Take a look, then I'll share some details.

Now, that I've peeked your curiosity I'll share a few details about this little devil.

What little information I could find says that the House of Stathopoulos Company was founded in 1873 by Anastasios Stathopoulos, a maker of fiddles and lutes.  Stathopoulos moved to the Long Island City in Queens, NY in 1903, from what was then Smyrna, Ottoman Empire (now Izmir, Turkey).  Anastasios died in 1915, and his son, Epaminondas (Epi), took over the company.  Just after the end of WWI, the company began to make banjos (the period when this banjo was produced - 1923, and it sold for a whopping $102 - a great amount at the time), and continued until 1928, when the company took the name Epiphone Banjo Company, producing its first guitars (Epiphone, named after 'Epi' Stathopoulos) in 1928. Deaths in the family and a labor dispute in 1951 forced the company to relocate from New York to Philadelphia.  The company was bought in 1957 by its main rival, Gibson.  If you insist on knowing more, Google Epiphone guitars for a rundown.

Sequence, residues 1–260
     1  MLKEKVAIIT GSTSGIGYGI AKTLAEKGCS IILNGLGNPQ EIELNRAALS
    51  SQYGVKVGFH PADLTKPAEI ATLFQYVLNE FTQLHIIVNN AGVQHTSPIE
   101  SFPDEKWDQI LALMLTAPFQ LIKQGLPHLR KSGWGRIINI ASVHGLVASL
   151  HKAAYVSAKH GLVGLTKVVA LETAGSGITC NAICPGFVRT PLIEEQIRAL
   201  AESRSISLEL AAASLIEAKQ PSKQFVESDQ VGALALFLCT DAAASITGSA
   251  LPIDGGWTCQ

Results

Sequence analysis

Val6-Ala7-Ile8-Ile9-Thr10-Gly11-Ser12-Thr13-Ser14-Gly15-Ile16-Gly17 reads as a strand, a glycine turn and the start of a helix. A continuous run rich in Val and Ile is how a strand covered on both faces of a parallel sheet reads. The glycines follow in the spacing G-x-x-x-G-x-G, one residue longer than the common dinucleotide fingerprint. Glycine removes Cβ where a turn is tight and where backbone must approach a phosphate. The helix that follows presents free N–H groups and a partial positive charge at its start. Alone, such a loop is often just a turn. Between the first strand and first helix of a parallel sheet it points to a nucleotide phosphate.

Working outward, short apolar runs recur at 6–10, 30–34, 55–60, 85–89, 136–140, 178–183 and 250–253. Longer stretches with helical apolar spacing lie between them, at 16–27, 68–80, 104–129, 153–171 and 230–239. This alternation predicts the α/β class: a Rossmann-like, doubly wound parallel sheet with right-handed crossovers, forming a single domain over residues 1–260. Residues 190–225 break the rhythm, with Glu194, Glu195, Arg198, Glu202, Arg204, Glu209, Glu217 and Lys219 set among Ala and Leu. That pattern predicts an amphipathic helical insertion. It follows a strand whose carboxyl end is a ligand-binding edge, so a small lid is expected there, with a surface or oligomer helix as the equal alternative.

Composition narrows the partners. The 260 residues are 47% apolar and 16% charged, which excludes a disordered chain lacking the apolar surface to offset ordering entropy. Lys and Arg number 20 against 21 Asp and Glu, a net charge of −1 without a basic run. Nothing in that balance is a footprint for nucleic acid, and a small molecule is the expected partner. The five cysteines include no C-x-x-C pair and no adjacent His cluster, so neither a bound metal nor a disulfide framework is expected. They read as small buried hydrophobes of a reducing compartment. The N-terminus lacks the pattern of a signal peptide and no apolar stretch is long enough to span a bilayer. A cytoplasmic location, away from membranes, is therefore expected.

So, you can see that this banjo is vintage.

OK, now to the good stuff.

It's a long scale banjo with 22 frets, which makes it a 'plectrum', rather than a 'tenor', a reason beyond age for its rarity.  It's in exceptionally good condition.  With the exception of the head, which is a newer replacement and the Grover replacement bridge, everything about the banjo is original.  The neck is straight and all the frets are solid and show very little wear.  The Grover tuners are in perfect condition, as is the adjustable tailpiece and all the other hardware.  All binding is intact with no separation.  The stainless body pieces are original and in fabulous condition.  The wood body shows a little crazing of the finish and surface scratches, but otherwise it is in excellent condition.  Geez, I hope I'm in as good shape when I'm 91 years old.

If you like pickin' and grinnin', it's going on eBay for auction.